Popular acts including Beck, Sheryl Crow, Sting, and more, have suddenly found themselves without labels or record contracts, sending the industry reeling

Along with white-boy rappers and Latin sensations, there’s a new type of artist making the scene: the musically homeless. In their ranks you’ll find cult faves (Morrissey), faded pop stars (Paula Abdul), and the neo-country elite (Cowboy Junkies) — all of whom have lost their record deals.

Seven months after the sale of PolyGram to Seagram’s Universal for $10.4 billion, the biggest merger in music history hasn’t just created the world’s largest record company (the Universal Music Group), it’s thrust some major names — including Sting, Hole, and Sheryl Crow — into a dizzying game of musical chairs.

Though the dust is still settling, PolyGram, whose holdings included Island, Mercury, and Def Jam, has been melded with the UMG properties MCA, Geffen, and Interscope. This new mega-company now consists of two primary divisions: the Los Angeles-based Interscope Geffen A&M Records, home to acts like No Doubt and Garbage; and Island Def Jam, headquartered in New York and boasting talents like Method Man and Hanson.

To illustrate the mind-blowing jumble that is now UMG, consider the following: Satan-worshiping Marilyn Manson (an Interscope act) is label mates with God-loving Amy Grant (an A&M artist). And all that was sacrificed in the creation of this unholy alliance were the jobs of some 1,200 rank-and-file employees (so far!) and a few high-powered gurus like Mercury president Danny Goldberg and A&M chief Al Cafaro.

But while fired staffers receive severance and unemployment and execs have their golden parachutes, dropped acts are getting nothing but a boot print. According to a Universal spokesman, 187 groups — characterized mostly as baby bands and other unfamiliar combos — have been cut from the rosters of Island and Def Jam alone. Walking papers have also been issued to hipsters like the Geffen-based Boss Hog and Polydor’s R.E.M.-flavored Buffalo Tom. ”They didn’t do a mass drop,” says Scott Ambrose Reilly, manager of God Street Wine, a jam-happy Deadhead-inspired band now in limbo with Mercury. ”That way, they didn’t have a bloodbath in the press.” Adds one major rock star now with UMG: ”There are bands that don’t even know if they’re dropped yet because nobody will call and tell them.”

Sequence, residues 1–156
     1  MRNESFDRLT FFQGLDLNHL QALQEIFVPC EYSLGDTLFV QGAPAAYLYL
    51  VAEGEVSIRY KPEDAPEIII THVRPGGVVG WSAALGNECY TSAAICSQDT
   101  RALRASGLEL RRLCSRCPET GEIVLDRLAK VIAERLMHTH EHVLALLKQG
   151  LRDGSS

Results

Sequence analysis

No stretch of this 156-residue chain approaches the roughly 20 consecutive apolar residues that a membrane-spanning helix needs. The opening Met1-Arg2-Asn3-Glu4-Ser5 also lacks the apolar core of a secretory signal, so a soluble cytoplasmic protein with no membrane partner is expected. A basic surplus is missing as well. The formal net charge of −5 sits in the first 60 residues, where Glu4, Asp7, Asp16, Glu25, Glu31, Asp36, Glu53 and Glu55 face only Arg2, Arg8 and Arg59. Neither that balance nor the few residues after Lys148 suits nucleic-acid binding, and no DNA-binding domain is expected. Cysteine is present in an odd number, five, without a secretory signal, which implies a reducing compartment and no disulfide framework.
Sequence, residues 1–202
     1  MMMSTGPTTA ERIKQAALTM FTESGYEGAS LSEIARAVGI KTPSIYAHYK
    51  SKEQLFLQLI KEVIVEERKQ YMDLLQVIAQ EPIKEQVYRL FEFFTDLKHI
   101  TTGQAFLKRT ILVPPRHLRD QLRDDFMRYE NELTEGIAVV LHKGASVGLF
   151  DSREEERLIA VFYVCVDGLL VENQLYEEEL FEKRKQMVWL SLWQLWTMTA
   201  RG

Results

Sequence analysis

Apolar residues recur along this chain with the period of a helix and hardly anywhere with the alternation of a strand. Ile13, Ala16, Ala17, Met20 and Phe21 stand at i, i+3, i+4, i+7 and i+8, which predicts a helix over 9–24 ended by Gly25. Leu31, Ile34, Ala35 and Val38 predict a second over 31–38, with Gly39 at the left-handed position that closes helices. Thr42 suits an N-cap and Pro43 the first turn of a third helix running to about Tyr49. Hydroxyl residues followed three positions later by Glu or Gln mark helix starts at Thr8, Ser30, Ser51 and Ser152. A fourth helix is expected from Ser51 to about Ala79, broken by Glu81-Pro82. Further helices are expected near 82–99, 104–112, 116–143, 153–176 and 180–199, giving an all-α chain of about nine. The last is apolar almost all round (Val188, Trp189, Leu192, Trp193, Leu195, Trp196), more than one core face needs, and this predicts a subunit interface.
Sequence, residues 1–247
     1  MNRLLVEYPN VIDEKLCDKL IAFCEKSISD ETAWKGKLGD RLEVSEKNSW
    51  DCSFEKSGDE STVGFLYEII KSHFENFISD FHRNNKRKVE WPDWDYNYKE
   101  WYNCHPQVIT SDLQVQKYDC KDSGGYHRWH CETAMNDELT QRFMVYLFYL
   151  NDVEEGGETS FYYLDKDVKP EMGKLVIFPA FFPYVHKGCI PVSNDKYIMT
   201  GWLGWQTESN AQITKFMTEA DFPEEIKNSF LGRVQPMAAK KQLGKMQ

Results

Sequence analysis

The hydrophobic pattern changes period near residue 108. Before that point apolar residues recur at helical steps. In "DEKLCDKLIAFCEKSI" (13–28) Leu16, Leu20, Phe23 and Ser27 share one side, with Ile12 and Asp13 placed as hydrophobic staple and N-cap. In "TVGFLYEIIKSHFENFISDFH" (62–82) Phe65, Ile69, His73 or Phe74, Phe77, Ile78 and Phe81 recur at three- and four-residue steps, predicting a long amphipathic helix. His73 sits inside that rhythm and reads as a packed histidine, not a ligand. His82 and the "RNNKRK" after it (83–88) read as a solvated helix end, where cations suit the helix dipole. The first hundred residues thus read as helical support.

Among the most publicized dropees has been ex-‘Til Tuesday singer Aimee Mann, who’s become the martyred poster child for axed artists. Last January, the critically admired Geffen singer played her third solo album to her new bosses. (The record includes tracks that may be featured in Paul Thomas Anderson’s December movie, Magnolia.) ”At first they told us they liked [it],” says Mann’s manager, Michael Hausman. ”But later we found out they didn’t like it so much. I met with Jimmy [Iovine, former Interscope cohead-turned-Interscope Geffen A&M cochair], and he was like, ‘You’ll have to excuse me, it’s so crazy here — we’re merging bathrooms.’ I’ve got an artist who spent two years making a record, and this guy’s telling me about bathrooms.” In early May, Mann received official word she’d been let go. Adding insult to penury, to take her unreleased record elsewhere, she must first buy back the master tapes from UMG, which could run into several hundred thousand dollars. (UMG would not comment on the status of these negotiations.)